Probably you should just go ahead and read the book. This was my short form review –
“I can’t stand cancer books. I’ve done the cancer train too many times, both as bystander and patient. Most cancer books get it wildly wrong. Everything is either a bid for a false sense of control or a cheerleading session. Mom’s Cancer gets it right. Cancer is a disease the whole family shares, a disease that doesn’t end at the points you think it should, whatever the outcome. When I first flipped through Mom’s Cancer I wasn’t ready to read it. I don’t think I’d give this book to someone at the beginning of Cancer Land. Now, a few years later, it’s one of the most meaningful graphic novels I’ve seen. I think the pages on conversation subtext might be the best aspect of the book. Deeply personal and completely universal, Mom’s Cancer is an excellent book.”
Cancer Land is a weird place with not enough Peanut Brittle and way too many Molasses Swamps. You move around the board and hope you’re going to get to the Gingerbread House, but it’s an illusion. You never arrive. There is no Gingerbread House to be had. I had a Medical Meeting today (I take a lot of those, there are never refreshments) followed by an email from a ‘Previvor’ about ‘Previvor Day’. I find the entire ‘Previvor’ concept deeply disturbing. Having been told they have a higher than average genetic risk for cancer, people undergo medical procedures in the hope that it will prevent the cancer from developing. Or they join support groups. Or otherwise upend their lives because someday something might happen to them. My family would qualify as ‘Previvors’. Of these 19 individuals, one has had cancer. So while I disagree with the ‘Previvor’ movement, I understand the concept. I’m certain the other 18 have their moments of concern.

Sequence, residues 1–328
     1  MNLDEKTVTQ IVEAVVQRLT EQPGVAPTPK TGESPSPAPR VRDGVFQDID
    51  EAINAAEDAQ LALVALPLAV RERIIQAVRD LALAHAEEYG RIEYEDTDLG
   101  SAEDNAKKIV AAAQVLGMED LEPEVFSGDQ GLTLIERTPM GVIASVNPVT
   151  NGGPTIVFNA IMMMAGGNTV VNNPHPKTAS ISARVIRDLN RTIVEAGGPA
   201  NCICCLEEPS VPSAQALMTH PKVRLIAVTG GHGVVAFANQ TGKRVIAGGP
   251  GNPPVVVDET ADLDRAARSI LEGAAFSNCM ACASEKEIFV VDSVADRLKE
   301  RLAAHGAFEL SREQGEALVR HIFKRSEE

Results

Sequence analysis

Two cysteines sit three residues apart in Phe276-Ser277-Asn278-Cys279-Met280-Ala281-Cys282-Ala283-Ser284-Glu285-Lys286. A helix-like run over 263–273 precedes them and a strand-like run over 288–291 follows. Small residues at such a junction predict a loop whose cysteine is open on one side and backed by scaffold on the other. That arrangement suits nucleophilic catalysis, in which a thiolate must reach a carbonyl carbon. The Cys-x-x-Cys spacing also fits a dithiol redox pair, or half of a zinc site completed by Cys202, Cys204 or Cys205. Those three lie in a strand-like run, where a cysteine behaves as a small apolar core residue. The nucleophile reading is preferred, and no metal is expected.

Like I said in the short version, Mom’s Cancer is pretty dead on. Hope you don’t relate at all.